Numerical variables should be binned in order to plot them with an histogram, otherwise the plot is not showing information, as it can be seen here:

###### Equal frequency binning

There is a function included in the package (inherited from Hmisc package) : `equal_freq`, which returns the bins/buckets based on the equal frequency criteria. Which is -or tries to- have the same quantity of rows per bin.

For numerical variables, `cross_plot` has by default the `auto_binning=T`, which automtically calls the `equal_freq` function with `n_bins=10` (or the closest number).

```cross_plot(heart_disease, str_input="max_heart_rate", str_target="has_heart_disease")
``` ###### Example 3: Manual binning

If you don’t want the automatic binning, then set the `auto_binning=F` in `cross_plot` function.

For example, creating `oldpeak_2` based on equal frequency, with 3 buckets.

```heart_disease\$oldpeak_2=equal_freq(var=heart_disease\$oldpeak, n_bins = 3)
summary(heart_disease\$oldpeak_2)
``` Plotting the binned variable (`auto_binning = F`):

```cross_oldpeak_2=cross_plot(heart_disease, str_input="oldpeak_2", str_target="has_heart_disease", auto_binning = F)
``` ###### Conclusion

This new plot based on `oldpeak_2` shows clearly how: the likelihood of having heart disease increases as oldpeak_2 increases as well. Again, it gives an order to the data.

###### Example 3: Noise reducing

Converting variable `max_heart_rate` into a one of 10 bins:

```heart_disease\$max_heart_rate_2=equal_freq(var=heart_disease\$max_heart_rate, n_bins = 10)
cross_plot(heart_disease, str_input="max_heart_rate_2", str_target="has_heart_disease")
``` At a first glance, `max_heart_rate_2` shows a negative and linear relationship, however there are some buckets which add noise to the relationship. For example, the bucket `(141, 146]` has a higher heart disease rate than the previous bucket, and it was expected to have a lower. This could be noise in data.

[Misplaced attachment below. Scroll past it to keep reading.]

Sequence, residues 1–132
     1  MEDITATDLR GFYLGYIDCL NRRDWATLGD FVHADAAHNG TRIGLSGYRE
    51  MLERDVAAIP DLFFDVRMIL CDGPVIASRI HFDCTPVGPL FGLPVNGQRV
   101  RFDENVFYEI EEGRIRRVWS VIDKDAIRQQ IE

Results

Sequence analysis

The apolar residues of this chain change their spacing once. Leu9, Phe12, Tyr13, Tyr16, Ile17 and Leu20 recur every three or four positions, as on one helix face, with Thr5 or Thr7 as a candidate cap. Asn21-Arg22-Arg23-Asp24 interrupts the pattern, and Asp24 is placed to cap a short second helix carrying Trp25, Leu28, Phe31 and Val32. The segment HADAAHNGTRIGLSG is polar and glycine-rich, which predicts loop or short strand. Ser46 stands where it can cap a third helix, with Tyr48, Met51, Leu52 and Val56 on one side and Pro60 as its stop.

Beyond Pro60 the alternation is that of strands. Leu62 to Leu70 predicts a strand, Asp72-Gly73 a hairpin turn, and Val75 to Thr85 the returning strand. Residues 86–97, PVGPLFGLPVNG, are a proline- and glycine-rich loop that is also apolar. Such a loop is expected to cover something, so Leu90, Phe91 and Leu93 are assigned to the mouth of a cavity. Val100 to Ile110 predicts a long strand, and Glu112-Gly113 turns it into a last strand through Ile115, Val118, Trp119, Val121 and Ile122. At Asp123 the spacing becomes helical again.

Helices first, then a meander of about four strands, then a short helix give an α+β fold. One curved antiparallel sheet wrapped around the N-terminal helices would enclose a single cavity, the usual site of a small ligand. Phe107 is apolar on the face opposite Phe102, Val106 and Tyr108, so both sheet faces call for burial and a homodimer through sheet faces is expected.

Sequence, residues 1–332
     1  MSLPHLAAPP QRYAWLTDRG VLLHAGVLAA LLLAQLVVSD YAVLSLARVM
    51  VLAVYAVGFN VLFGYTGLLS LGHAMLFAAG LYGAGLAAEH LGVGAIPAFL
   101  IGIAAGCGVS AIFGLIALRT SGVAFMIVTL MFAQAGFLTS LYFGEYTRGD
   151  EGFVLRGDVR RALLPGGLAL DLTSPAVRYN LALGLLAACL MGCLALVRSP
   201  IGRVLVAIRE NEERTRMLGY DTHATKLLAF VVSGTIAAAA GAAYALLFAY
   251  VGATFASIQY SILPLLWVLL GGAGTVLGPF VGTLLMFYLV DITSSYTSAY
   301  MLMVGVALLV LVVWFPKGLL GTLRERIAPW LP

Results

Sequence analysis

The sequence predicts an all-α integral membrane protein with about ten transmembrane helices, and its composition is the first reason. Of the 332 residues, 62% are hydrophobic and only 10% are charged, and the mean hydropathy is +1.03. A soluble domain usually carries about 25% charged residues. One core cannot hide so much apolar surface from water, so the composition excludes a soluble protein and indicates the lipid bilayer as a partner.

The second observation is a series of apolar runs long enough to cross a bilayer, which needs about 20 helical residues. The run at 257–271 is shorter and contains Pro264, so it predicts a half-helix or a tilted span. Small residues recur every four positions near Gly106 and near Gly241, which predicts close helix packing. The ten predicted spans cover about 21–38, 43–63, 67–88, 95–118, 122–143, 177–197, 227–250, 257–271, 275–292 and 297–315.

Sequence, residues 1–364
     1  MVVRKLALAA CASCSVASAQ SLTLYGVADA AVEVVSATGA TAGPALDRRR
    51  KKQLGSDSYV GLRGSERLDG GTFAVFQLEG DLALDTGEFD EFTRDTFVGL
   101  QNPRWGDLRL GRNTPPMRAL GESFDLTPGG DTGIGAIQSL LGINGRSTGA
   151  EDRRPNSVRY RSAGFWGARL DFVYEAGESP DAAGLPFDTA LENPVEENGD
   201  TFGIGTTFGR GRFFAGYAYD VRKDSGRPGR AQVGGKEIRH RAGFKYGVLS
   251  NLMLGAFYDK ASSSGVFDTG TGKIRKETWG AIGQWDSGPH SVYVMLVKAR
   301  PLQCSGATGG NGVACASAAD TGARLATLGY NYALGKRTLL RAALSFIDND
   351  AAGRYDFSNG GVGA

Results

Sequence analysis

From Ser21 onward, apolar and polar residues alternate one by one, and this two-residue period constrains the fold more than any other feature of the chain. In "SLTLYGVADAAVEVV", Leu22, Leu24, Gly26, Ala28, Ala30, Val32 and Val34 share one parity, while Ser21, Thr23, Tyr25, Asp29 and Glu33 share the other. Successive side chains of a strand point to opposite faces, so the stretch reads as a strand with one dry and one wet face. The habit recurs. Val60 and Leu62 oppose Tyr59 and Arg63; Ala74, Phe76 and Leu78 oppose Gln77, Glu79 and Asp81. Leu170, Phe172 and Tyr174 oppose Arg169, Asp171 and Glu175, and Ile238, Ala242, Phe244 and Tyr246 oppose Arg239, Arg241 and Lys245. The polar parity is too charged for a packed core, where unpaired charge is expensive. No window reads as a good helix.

Key note: One way to reduce the noise (at the cost of losing some information), is to split with less bins:

```heart_disease\$max_heart_rate_3=equal_freq(var=heart_disease\$max_heart_rate, n_bins = 5)
cross_plot(heart_disease, str_input="max_heart_rate_3", str_target="has_heart_disease")
``` Conclusion: As it can be seen, now the relationship is much clean and clear. Bucket ‘N’ has a higher rate than ‘N+1’, which implies a negative correlation.

How about saving the cross_plot result into a folder?
Just set the parameter `path_out` with the folder you want -It creates a new one if it doesn’t exists-.

```cross_plot(heart_disease, str_input="max_heart_rate_3", str_target="has_heart_disease", path_out="my_plots")
```

It creates the folder `my_plots` into the working directory.

###### Example 4: `cross_plot` on multiple variables

Imagine you want to run cross_plot for several variables at the same time. To achieve this goal you define a list of strings containing all the variables to use as input in the `cross_plot`, and then, call the function `massive_cross_plot`.

If you want to analyze these 3 variables:

```vars_to_analyze=c("age", "oldpeak", "max_heart_rate")

massive_cross_plot(data=heart_disease, str_target="has_heart_disease", str_vars=vars_to_analyze)
```

Automatically saving all the results into a folder
Same as `cross_plot`, this function has the `path_out` parameter.

```massive_cross_plot(data=heart_disease, str_target="has_heart_disease", str_vars=vars_to_analyze, path_out="my_plots")
```
###### Final notes:
• Correlation does not imply causation
• `cross_plot` is good to visualize linear relationships, giving it a hint on non-linear relationships.
• Cleaning the variables help the model to better modelize the data.

#### Part 3: Assessing model performance

Overview: Once the predictive model is developed with `training` data, it should be compared with `test` data (which wasn’t seen by the model before). Here is presented a wrapper for the ROC Curve and AUC (area under ROC) and the KS (Kolmogorov-Smirnov).

###### Creating the model
```## Training and test data. Percentage of training cases default value=80%.
index_sample=get_sample(data=heart_disease, percentage_tr_rows=0.8)

## Generating the samples
data_tr=heart_disease[index_sample,]
data_ts=heart_disease[-index_sample,]

## Creating the model only with training data
fit_glm=glm(has_heart_disease ~ age + oldpeak, data=data_tr, family = binomial)
```
###### ROC, AUC and KS performance metrics
```## Performance metrics for Training Data
model_performance(fit=fit_glm, data = data_tr, target_var = "has_heart_disease")
``` ```## Performance metrics for Test Data
model_performance(fit=fit_glm, data = data_ts, target_var = "has_heart_disease")
``` Key notes

• The higher the KS and AUC, the better the performance is.
• KS range: from 0 to 1.
• AUC range: from 0.5 to 1.
• Performance metrics should be similar between training and test set.